What is osteoarthritis?

Osteoarthritis is just one of a number of forms of arthritis… Essentially a disease which affects the joints in our body. OA is the most common form of arthritis, with Rheumatoid Arthritis (RA) being the second most common form. This blog will focus on OA, a potentially debilitating disease that most commonly affects the weight-bearing joints of the body (i.e. the knees, hips and lumbar spine), but can affect any joint in the body where the joint surfaces are covered in cartilage.

The characteristics of OA include loss of the cartilage that covers the ends of bones that come together to form joints. The underlying and surrounding bone, as well as other joint structures (including joint capsules and other tissues) are also susceptible to degenerative changes that ultimately lead to poor functioning of a joint. The process usually occurs over a long period of time, often starting early in life (interestingly with little to no symptoms at all) and progressing into the latter years. The severity of the disease varies from person to person with some people only experiencing mild symptoms throughout their life. Other people experience more severe symptoms and may require joint replacement surgery as a last port of call to ensure they can continue to live their life as pain-free as possible.

Osteoarthritis of the knee can affect either of the two main joint components of the knee… The joint between the ends of the thighbone and the shin-bone (called the tibiofemoral joint), and the joint between the thigh-bone and the knee-cap (called the patella-femoral joint).

Risk factors

There are certain factors associated with higher rates of knee OA. These include:

  • Age: Rates of knee OA increase in the elderly
  • Obesity: Rates of knee OA increase with higher levels of obesity
  • Gender: Females slightly out-do the males with this one, being approximately 1.5 times more likely to develop it
  • Trauma: A trauma to the knee can increase your likelihood of developing knee OA
  • Smoking: Smoking is associated with higher rates of knee OA

Signs and symptoms

The signs and symptoms of knee OA include:

  • Pain
  • Stiffness
  • Swelling
  • Reduced range of motion
  • Difficulty performing functional movements including squatting and kneeling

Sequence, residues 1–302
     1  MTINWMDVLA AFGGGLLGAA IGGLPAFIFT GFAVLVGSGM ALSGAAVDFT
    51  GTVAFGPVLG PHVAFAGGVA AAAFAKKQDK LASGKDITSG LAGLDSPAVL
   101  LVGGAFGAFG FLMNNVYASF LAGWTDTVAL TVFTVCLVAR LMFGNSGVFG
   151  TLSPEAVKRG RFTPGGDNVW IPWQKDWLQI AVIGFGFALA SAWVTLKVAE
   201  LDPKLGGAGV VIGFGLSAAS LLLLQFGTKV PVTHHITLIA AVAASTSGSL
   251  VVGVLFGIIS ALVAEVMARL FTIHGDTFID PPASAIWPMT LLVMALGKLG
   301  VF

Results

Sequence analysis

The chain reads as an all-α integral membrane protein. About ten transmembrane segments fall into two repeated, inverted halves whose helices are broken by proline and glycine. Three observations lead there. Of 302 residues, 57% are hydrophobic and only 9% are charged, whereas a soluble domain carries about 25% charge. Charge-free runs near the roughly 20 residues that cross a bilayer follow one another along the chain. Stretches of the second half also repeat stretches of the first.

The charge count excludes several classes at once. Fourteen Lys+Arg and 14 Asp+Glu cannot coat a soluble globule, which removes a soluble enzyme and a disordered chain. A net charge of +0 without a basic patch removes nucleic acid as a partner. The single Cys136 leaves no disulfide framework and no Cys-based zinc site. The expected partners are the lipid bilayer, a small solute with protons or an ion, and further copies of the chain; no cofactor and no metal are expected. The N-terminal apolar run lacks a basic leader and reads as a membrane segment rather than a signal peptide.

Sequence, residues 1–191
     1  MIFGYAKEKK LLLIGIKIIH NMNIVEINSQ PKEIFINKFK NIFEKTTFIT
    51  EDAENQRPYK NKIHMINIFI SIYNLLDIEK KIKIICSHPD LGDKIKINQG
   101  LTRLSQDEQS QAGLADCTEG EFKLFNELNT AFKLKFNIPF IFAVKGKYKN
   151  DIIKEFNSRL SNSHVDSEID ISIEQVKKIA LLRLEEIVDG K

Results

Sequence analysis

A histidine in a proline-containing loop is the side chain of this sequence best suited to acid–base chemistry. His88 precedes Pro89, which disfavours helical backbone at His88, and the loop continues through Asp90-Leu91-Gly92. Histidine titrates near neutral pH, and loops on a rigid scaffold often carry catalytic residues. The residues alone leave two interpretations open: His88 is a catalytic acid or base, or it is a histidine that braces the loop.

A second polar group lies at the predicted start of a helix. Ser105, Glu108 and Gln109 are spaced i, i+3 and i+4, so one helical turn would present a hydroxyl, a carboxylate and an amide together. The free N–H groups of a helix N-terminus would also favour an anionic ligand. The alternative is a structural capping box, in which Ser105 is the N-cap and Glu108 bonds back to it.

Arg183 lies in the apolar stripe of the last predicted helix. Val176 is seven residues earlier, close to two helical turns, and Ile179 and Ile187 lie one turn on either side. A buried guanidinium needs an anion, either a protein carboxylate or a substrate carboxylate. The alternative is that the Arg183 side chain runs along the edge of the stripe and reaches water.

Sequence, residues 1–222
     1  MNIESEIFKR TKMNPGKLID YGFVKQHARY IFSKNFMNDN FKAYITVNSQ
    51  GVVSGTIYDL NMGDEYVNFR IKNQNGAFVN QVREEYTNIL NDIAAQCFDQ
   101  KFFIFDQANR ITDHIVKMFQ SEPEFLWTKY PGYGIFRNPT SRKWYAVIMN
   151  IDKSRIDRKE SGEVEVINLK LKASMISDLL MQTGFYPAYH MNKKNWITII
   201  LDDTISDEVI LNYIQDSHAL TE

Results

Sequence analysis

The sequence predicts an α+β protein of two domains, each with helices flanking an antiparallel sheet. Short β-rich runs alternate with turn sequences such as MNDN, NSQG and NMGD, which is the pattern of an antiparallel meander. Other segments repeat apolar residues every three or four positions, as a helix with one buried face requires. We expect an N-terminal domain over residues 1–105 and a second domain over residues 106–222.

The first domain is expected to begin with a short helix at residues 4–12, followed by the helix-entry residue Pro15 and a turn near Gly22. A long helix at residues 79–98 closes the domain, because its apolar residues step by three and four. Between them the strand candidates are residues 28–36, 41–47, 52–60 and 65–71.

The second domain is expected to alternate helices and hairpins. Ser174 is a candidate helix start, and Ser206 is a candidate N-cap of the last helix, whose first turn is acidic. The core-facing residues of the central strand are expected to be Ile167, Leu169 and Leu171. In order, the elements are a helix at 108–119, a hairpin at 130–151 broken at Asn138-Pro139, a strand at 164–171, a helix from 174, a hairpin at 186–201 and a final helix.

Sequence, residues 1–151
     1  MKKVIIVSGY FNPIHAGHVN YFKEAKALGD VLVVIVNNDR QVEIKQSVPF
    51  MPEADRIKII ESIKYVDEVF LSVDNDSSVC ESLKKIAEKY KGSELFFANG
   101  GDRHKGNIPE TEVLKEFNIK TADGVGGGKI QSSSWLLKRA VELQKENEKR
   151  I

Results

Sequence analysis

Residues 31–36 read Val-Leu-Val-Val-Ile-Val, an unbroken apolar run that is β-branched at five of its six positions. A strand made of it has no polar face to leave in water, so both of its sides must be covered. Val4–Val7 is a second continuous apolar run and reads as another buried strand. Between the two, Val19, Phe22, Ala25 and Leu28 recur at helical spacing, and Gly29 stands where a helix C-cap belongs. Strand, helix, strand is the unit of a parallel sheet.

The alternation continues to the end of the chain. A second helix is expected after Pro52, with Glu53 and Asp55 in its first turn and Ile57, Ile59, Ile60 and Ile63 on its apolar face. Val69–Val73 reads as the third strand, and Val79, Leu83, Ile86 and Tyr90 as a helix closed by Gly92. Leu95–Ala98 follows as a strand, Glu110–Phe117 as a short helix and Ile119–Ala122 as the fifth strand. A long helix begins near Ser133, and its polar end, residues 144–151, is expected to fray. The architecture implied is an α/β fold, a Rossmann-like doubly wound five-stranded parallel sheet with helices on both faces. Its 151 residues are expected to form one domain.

Pain associated with tibiofemoral OA commonly affects the inside region of the knee first, where the two bones meet at the joint line. Patella-femoral related pain is often felt deep behind the kneecap. Pain will vary from one person to another, and the severity of pain does not necessarily relate to the severity of degeneration. Although if you speak to a person who is about to have a joint replacement surgery (i.e. their joint has degenerated to the point of needing a surgical intervention to keep the person functioning well), they will likely tell you that the pain is extremely debilitating.

Pain and stiffness are regularly felt first thing in the morning and late at night. OA tends to respond well to movement of the joints, and so people often find their pain and stiffness improves once they are up and moving, for it to return once their day has finished and they are relaxing at night.

Treatment

So, you’ve been diagnosed with knee OA. What to do? Call your osteo… Ta-dah!!!! Given we are experts in how the human body moves (we study human biomechanics at uni), we’re good at picking up how the body should and shouldn’t move. There are no magic pills for treating OA of the knee, and no practitioner can claim to treat the disease itself, as there is unfortunately no cure for OA. It is a progressive, degenerative disease, but there are ways of stunting the progression of this condition if the risk factors leading to its presence are attacked head on.

Poor movement resulting from daily postural repetitive strain, or an old injury that wasn’t treated to resolution is a big factor in the maintenance and development of OA in the knee. Poor movement or dysfunction occurring in the low back, hip or ankle can all lead to excessive load being placed through the knee joints, which can exacerbate the disease process. This is where we come in. We can watch you move during an assessment and work out what is causing the excessive loads through the knee and put a plan in place to improve range of motion and flexibility, strengthen muscles and return you to (hopefully) pain-free daily activities. We will use a combination of soft tissue manipulation, joint mobilisation and progressive exercise programs to restore life to your body. Returning to efficient movement patterns after years of neglect, poor movement and a de-conditioned body part will take time, but with determination from both you and your practitioner, it can happen.

As previously mentioned, some cases of knee OA can end up requiring surgical intervention to replace either part of or the whole joint. The good news is, if you do have to go through this process, we have your back (well… in this case, your knee) and can help you through rehab and recovery. Many people who have a knee replacement return to full daily activities and live a long and pain-free life.